10 March 2013
by Elin Martinez, Save the Children UK. Read her blog here.
The ongoing process to shape the post-2015 framework includes an interesting angle whereby citizens around the world are asked to rank their top priorities for what development goals will come after 2015. The My2015 first online and offline survey results have shown that ‘a good education’ is the top priority for a future development framework for Liberians, where the first survey took place, and a cross-section of the global population who voted online.
Almost in parallel, the g7+ countries, a group of 18 like-minded fragile states taking development decisions into their own hands—as well as donors supporting fragile states in the achievement of their goals—met in Dili to discuss and adopt a common agenda on post-2015 for fragile states.
‘A good quality education’ ranks as top priority so far
More children go to school now than ever before. Most generations have now seen first-hand the benefits of an education – it is no surprise then that we see this endorsement worldwide. It is compelling to see the message reaffirmed across age and gender groups, rural and urban populations, as well as its importance in low and high Human Development Index countries.
Education practitioners worldwide know that in most contexts and in particular in crises-affected contexts, parents and children and communities that want their children to progress further will in most cases demand, prioritise and do whatever they can for their children to receive a good quality education. That this is reflected in a global survey is encouraging – decision makers should respond to this prioritisation.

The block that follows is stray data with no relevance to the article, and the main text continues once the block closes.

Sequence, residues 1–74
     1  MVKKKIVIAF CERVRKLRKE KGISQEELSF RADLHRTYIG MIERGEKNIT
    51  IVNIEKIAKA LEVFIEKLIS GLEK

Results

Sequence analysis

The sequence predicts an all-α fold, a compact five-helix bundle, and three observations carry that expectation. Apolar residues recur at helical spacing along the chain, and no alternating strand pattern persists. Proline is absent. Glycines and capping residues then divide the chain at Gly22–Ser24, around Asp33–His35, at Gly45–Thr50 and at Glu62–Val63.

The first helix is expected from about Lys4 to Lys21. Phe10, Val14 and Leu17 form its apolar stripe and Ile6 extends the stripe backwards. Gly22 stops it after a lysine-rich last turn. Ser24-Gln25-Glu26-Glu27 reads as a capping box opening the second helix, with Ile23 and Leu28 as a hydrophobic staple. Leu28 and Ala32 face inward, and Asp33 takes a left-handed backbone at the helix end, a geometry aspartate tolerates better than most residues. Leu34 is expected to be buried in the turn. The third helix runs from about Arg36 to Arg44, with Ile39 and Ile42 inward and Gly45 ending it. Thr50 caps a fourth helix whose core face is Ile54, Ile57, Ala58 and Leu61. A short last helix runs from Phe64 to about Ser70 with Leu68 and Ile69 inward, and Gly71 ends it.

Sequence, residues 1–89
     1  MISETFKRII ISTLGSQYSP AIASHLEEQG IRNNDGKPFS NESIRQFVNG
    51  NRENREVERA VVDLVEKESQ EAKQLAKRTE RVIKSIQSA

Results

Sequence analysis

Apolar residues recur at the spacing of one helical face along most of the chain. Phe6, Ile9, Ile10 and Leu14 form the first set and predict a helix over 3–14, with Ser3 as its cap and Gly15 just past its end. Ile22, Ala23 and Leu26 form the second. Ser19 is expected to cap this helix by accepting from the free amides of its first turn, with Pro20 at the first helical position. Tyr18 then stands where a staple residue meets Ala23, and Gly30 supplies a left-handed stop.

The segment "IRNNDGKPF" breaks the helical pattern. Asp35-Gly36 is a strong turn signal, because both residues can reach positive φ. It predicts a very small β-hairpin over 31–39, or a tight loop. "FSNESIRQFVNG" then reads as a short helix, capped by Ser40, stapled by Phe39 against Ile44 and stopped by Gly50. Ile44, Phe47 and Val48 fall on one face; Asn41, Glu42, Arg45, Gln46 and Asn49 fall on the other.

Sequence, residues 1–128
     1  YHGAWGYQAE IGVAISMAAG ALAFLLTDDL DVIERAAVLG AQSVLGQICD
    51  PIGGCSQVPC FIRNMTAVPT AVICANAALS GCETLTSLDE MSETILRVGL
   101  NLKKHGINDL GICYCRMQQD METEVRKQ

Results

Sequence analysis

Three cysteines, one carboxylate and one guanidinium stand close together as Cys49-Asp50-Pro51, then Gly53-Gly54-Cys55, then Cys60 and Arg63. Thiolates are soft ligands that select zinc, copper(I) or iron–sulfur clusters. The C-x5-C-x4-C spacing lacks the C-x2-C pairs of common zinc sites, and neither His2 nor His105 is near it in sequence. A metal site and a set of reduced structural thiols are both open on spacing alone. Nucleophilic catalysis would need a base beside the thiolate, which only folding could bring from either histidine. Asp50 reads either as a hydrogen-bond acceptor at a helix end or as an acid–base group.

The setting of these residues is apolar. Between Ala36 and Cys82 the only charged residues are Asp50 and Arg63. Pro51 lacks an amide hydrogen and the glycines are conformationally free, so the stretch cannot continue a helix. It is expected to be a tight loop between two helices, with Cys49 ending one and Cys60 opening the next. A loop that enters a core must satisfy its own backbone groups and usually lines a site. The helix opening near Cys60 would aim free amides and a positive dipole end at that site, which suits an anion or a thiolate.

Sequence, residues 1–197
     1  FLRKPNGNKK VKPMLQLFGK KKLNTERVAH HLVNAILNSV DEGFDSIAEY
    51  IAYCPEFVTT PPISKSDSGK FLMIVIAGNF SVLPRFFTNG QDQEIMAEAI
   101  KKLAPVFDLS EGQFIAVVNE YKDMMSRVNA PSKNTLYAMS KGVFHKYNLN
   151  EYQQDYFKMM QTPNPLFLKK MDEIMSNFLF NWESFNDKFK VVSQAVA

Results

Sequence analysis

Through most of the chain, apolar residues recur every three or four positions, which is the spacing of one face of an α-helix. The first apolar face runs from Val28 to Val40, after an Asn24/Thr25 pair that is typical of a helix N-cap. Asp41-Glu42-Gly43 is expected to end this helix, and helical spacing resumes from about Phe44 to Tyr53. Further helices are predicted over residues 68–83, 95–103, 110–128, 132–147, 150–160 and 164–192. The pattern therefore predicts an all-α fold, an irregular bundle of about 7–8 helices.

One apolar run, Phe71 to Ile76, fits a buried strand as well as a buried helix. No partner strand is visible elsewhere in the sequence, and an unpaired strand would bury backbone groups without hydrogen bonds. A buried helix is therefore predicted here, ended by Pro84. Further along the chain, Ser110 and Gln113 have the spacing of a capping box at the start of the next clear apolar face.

Messages for fragile states and the g7+?
Fragile states are confronted with a series of top priorities, all crucial for a country’s progress. The Dili consensus on post-2015, the latest document g7+ priorities for post-2015 deliberations, notes a major focus on inclusive economic growth, peacebuilding and statebuilding, climate change and environmental management. There can be no denying that education is the crucial link between all such future aspirations for fragile states.
Notwithstanding future results, it is crucial to highlight the importance of such ratings for education in a country like Liberia. Liberia – a nation that is only just coming out of its conflict-ridden past—needs to tackle many challenges, security, employment, infrastructure, fiscal pressures, among others. It also needs a strong education system to move it away from the fragility it faces and build the nation’s progress. The g7+ focuses on prioritising what States themselves want out of their own development; this global survey provides an unequivocal prioritisation that shows exactly that.